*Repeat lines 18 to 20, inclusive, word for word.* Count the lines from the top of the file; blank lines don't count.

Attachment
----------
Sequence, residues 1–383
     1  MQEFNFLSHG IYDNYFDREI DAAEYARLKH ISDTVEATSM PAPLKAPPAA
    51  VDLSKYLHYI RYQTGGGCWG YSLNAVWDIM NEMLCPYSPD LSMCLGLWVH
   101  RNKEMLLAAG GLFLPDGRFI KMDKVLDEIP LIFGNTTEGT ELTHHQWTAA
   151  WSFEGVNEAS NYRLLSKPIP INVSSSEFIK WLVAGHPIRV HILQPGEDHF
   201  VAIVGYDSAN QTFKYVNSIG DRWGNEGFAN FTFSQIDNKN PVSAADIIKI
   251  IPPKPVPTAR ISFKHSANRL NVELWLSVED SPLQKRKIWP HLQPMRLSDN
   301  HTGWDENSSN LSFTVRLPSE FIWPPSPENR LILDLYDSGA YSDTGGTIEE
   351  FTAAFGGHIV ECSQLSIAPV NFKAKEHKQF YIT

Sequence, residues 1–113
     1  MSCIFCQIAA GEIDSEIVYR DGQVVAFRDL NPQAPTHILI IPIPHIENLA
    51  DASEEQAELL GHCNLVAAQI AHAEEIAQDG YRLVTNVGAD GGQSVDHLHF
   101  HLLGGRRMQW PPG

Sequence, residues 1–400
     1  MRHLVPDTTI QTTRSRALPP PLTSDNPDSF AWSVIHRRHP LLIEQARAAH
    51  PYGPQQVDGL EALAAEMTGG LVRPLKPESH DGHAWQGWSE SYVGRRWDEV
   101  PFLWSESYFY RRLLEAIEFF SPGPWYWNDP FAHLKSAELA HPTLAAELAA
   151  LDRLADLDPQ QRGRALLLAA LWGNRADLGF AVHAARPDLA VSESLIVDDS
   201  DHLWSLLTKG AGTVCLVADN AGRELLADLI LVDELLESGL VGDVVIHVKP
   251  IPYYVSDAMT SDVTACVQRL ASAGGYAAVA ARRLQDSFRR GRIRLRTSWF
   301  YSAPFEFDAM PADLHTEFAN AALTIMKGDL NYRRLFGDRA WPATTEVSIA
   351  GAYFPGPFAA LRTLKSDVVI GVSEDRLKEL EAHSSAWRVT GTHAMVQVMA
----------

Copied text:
   151  LDRLADLDPQ QRGRALLLAA LWGNRADLGF AVHAARPDLA VSESLIVDDS
   201  DHLWSLLTKG AGTVCLVADN AGRELLADLI LVDELLESGL VGDVVIHVKP
   251  IPYYVSDAMT SDVTACVQRL ASAGGYAAVA ARRLQDSFRR GRIRLRTSWF